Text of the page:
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Re: Diffie's comments on Photuris


Thanks for forwarding that note from Whit. In thinking about it and
similar comments from you and others, I've tentatively decided to modify
Photuris to sign the shared secret.

I've been thinking about a related problem for some time: finding a
safe way to use my PGP key on my workstation at work.  If I were to
type my PGP passphrase into a machine I don't fully trust, I'd risk
compromising *all* of the traffic I have ever received or will receive
with that PGP key, including personal mail read only at home.

Using separate keys is one possible approach, but that's clumsy.

The ideal answer seems to be a smart-card that I can plug into the
workstation that safely holds my RSA secret key and uses it to perform
operations on behalf of the host without ever letting the secret key
leave the card.  For maximum safety, the card could log all operations
and possibly even require a manual "go" button press to approve each
operation.  Even in the smartcard the RSA secret key would exist in
plaintext only when it is in active use. At all other times it would
be encrypted in a symmetric algorithm; before use the user would have
to enter the key for the symmetric algorithm on a keypad on the card.
One might even store the encrypted secret key on the host, eliminating
the need for stable storage on the card. But this would place total
reliance on the secrecy of the key for the symmetric algorithm, which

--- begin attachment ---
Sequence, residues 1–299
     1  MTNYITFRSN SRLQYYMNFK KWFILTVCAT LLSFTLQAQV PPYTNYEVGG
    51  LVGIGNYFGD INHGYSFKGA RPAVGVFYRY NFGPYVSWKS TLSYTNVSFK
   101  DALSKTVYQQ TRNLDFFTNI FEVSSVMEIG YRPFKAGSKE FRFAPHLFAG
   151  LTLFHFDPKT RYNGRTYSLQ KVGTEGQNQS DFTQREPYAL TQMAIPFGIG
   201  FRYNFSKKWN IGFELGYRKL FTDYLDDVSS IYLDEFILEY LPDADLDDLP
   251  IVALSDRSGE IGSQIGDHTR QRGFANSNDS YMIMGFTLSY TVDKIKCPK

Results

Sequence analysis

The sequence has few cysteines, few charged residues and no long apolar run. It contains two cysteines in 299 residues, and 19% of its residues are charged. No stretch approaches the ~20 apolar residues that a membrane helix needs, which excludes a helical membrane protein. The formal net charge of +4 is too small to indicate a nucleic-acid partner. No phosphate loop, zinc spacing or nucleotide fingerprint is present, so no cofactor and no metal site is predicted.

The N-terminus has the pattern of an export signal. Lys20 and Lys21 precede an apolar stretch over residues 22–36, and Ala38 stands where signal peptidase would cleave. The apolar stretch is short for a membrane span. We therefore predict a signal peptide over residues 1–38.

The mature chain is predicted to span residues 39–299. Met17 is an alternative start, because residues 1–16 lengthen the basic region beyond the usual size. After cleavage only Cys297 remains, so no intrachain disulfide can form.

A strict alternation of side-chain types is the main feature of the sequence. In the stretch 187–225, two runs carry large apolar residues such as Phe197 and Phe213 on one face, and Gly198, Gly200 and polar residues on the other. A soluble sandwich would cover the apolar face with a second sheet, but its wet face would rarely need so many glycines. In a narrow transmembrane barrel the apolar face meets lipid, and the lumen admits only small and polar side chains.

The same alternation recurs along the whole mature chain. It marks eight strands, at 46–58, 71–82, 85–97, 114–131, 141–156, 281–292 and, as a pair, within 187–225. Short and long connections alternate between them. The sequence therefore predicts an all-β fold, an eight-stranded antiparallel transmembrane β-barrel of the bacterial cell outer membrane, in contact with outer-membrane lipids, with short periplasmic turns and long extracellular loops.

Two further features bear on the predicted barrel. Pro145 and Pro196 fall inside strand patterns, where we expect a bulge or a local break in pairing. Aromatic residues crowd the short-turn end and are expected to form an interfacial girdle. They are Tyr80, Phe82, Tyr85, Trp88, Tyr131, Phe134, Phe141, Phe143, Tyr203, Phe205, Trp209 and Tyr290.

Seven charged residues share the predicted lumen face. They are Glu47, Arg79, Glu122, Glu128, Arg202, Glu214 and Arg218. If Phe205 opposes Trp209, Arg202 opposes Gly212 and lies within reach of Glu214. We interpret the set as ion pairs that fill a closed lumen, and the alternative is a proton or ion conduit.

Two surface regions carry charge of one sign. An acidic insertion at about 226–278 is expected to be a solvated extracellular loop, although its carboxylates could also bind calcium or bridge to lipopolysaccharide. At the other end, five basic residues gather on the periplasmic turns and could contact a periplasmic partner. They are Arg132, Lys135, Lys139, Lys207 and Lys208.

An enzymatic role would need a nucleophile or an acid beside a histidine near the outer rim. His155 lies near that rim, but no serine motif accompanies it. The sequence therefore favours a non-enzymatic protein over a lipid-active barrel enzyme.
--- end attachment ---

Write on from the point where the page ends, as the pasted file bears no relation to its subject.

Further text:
is probably a bad idea given our experiences with badly chosen user

A palmtop plugged into a serial port might make a good prototype

Well, you've made me realize that Photuris has to solve this same
problem. (Especially since I plan to use the existing PGP key
database.)  How can I limit the damage that can be done by hacked
workstation software to the compromise of the actual IPSP traffic I
send or receive on that workstation?

One approach already discussed is for the trusted signature function
to enforce a maximum lifetime on the signatures of DH public
halves. Kerberos does this, but it still leaves you vulnerable for a
time. Imagine a public workstation at Interop or IETF.  Somebody could
hack its "kdestroy" command to secretly squirrel away my tickets
before seeming to destroy them. I get up and walk away, and the attacker
sits down and continues to access my home system.

I'd like to prevent this in Photuris. If I sign the DH shared secret,
then it should suffice to destroy it along with all associated SAIDs
on just one end when I'm done (e.g., on my home system when I'm
accessing it from IETF). A locally snarfed {DH public value, DH secret
value, signature on shared secret} triple would then be useless if the
remote machine initiates a new DH exchange with a new DH public value.

Now this would seem to require that the remote system generate a new
DH key pair for every SAID. But this isn't really necessary. It would
be easy to add a message to Photuris to ask the other side to discard
its existing DH key pair ahead of schedule. I could send that message
whenever I log off and leave my local workstation to ensure that any
locally snarfed keying material would become completely useless. But I
could still rapidly generate a series of SAIDs from the same DH shared
secret for just the cost of an MD5 hash.